As he drove off, after one last imaginative romp in the yard, Woody watched Andy go like a wistful father. After three brilliant and heartfelt parenting parables that ruminated on aging, loss and impermanence alongside the pitfalls of arcade claw machines and toddler daycare centers, this was the final goodbye. Goodbye to Andy, yes, but goodbye to childhood. “So long, partner,” said Woody.
The finale was immediately received as a classic Hollywood ending. “The chances of topping this one are infinitesimal,” New York magazine wrote at the time. “Toy Story 3″ won the Oscar for best animated film. Everyone, including the film’s makers and cast, believed they had neatly, perfectly wrapped up their trilogy.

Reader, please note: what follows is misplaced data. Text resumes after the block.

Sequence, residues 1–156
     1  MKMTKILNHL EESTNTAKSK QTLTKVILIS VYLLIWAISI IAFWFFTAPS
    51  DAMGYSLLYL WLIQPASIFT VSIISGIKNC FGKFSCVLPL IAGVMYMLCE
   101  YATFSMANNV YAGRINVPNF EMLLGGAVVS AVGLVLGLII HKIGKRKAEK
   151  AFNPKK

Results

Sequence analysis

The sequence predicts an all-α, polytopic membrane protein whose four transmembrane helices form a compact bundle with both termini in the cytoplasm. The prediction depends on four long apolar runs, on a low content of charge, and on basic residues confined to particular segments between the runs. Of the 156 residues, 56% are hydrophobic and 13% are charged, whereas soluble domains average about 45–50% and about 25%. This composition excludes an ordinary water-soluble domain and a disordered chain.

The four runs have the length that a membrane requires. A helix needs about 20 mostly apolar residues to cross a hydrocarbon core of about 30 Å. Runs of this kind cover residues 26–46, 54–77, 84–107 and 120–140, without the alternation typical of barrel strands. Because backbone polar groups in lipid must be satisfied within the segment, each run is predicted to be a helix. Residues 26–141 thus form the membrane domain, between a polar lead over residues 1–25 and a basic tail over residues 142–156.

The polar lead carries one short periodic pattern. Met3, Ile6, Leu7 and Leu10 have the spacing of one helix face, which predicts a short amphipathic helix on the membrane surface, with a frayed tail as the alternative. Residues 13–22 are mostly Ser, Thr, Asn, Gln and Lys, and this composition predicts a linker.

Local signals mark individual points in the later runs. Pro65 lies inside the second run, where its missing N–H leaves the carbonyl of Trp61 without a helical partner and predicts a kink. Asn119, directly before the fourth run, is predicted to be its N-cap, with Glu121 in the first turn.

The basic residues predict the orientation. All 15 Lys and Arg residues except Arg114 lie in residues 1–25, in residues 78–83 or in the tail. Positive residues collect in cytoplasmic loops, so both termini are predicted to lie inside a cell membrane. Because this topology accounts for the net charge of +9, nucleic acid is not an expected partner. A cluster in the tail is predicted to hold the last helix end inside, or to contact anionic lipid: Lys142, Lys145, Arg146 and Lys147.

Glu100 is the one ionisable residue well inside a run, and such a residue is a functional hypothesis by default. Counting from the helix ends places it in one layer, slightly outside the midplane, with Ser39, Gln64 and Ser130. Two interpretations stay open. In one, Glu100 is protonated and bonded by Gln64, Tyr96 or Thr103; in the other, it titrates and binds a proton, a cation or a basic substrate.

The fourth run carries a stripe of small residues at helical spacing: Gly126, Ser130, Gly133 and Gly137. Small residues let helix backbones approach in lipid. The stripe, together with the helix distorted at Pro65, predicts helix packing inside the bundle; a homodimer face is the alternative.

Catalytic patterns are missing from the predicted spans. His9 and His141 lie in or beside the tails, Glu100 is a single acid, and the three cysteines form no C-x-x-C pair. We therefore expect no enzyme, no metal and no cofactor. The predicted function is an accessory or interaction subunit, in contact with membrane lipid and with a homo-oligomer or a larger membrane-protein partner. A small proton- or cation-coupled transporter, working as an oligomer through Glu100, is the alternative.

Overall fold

Tom Hanks and Tim Allen discuss the generational success of the 'Toy Story' franchise, as well as making a fourth movie and carrying the story forward. Also, Tony Hale talks about his new character. (June 18)
“From the inside, ‘Toy Story 3’ was definitely the end of it,” said Tim Allen, the voice of Buzz Lightyear. “That one scene was it.”
But, of course, that wasn’t it. “Toy Story” has returned, nine years later, with “Toy Story 4.” In today’s movie business, nothing is safe from ongoing sequelizing, not even a story about the very necessity of letting go and making peace with the passage of time.
That movie franchises have been extended well beyond their natural cycle is nothing new. But “Toy Story 4” may mark when Hollywood officially gave up saying goodbye.